Our last touring day in Turkey —

Our day began quite early as our scheduled drive from Izmir to Pergamum was to take several hours.  Our tour guide Djenk 6a Djenk at Aphrodisias (640x360)[His name is spelled “Cenk” but the starting “c” has a Turkish cedilla (It looks like a tail.) giving it the sound of “dj” or even “sch”, so I’ve tried to spell it in such a way that you can pronounce it the way we are hearing it.], while giving us the history of the area, ended up telling us about his mandatory military service and how he came to speak English so well.  It was very entertaining.  Gerry and I had spoken to him at dinner one night and learned that he was raised Muslim, but his dad was very open-minded, telling his children that he expected them to love God, but how that love came to expression was open to variation.  Djenk was educated in a French catholic school where he learned about Christ; he attends a catholic church to this day.  His willingness to be real with us only adds to our enjoyment of him as he informs us about his home country.

Upon reaching Pergamum, our goal was the Acropolis, the city’s high point, where it has been possible to excavate the ruins with less difficulty as there are no contemporary buildings.  We accomplished the Acropolis in a cable car,1a Cable car to the Acropolis giving us a great view of Pergamum’s location, the present-day city, and the beautiful surroundings.  We hiked all the way to the top to gain proper perspective, then gradually worked our way back to the cable car, taking a good three hours to enjoy the site.  First stop at the top was Trajan’s Temple,

Note the semi-circular cistern in the foreground.  The Romans were ingenious in getting water to the Acropolis through an aquaduct, using gravity and siphoning, then storing the water for use.

Note the semi-circular cistern in the foreground. The Romans were ingenious in getting water to the Acropolis through an aquaduct, using gravity and siphoning, then storing the water for use.

evidence that the Roman emperor established the Imperial cult here in Pergamum as was the case across the Roman empire.

The theater, as center of ancient city social and political life, always has a prominent spot, but given the steepness of the Acropolis terrain and the fact that theaters were constructed into the geography, not upon it, Pergamum’s theater has a very steep incline, bringing about some pedestrian drama for us, but also a great view over the city.2 Very steep theater overlooking Pergamum (640x360)  Jeff provided interesting facts and ideas as we sat, imagining ourselves ancient Pergamites, for a minute anyway.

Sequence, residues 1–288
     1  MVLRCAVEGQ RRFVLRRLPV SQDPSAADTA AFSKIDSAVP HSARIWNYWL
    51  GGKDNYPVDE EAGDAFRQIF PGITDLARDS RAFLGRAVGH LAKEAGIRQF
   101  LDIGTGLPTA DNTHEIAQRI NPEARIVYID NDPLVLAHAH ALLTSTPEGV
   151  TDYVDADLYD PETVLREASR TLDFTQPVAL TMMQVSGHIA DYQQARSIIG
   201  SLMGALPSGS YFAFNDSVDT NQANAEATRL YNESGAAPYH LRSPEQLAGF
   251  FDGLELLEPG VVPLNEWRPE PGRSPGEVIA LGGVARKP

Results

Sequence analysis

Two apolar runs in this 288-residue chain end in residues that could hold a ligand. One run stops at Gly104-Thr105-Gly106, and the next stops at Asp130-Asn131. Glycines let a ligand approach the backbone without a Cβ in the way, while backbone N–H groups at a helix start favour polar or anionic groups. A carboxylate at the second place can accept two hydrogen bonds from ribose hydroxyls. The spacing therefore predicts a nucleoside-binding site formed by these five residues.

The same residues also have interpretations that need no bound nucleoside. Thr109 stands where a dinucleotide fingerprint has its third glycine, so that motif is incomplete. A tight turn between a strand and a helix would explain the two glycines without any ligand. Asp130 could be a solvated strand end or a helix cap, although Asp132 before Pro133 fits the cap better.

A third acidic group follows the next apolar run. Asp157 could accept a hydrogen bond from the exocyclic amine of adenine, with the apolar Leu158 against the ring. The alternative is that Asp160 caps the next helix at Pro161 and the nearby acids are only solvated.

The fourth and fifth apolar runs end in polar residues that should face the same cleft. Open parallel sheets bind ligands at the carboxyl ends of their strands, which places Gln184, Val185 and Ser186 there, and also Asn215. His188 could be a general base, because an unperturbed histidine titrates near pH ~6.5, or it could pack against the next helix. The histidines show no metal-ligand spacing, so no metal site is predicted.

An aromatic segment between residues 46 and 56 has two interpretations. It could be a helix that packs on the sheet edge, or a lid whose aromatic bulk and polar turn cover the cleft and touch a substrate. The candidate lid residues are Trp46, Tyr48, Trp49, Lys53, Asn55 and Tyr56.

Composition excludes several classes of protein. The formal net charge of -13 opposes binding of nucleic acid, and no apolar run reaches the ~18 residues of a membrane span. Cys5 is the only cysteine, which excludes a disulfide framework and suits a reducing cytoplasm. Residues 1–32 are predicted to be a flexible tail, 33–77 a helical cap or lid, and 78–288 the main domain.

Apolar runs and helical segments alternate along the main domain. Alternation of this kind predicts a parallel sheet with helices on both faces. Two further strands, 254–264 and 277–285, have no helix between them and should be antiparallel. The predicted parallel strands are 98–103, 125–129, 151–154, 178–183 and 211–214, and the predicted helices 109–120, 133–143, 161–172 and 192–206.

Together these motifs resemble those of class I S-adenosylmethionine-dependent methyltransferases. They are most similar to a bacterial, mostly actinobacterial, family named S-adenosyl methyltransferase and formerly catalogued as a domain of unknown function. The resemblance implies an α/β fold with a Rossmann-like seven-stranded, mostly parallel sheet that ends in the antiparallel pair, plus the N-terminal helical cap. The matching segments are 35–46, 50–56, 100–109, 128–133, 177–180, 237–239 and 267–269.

In preparation for our hearing Christ’s words to the Pergamum church from Revelation 2/3, Jeff led us to a portion of the ruins to see a structure where it is very likely groups would gather to share a religious meal of meat sacrificed at the pagan temple.  Part of our group re-enacted the meal with much bantering and a bit of silliness,

Thanks to Andy DeJong for dramatizing the part of the waiter/servant : )

Thanks to Andy DeJong for dramatizing the part of the waiter/servant : )

but we all caught Jeff’s passion for understanding the way idolatry easily slips into our daily practices.

After lunch, we had a long drive to Troas, which became much longer as we were somewhat mired behind a large truck for some time.  The concern of our leaders that we would not get to the ancient Troas harbor site before dark was real, but I think God had a hand in all this, because we reached the seashore just in time for a glorious sunset.6b Sunset in the Troas Harbor (640x360)  Had we been any earlier, we may have missed this blessed and beautiful sight.  We now have a better understanding of pertinent Biblical events at Troas (jumping off spot for Paul’s first trip to bring the gospel to Europe, e.g.) as Jeff illuminated those passages from Acts.7 Jeff telling the tales of Paul's two visits to Troas (640x360)  A short drive to our sea-side hotel ended our day.  Wednesday we cross over into Greece — farewell to Turkey …. sigh.

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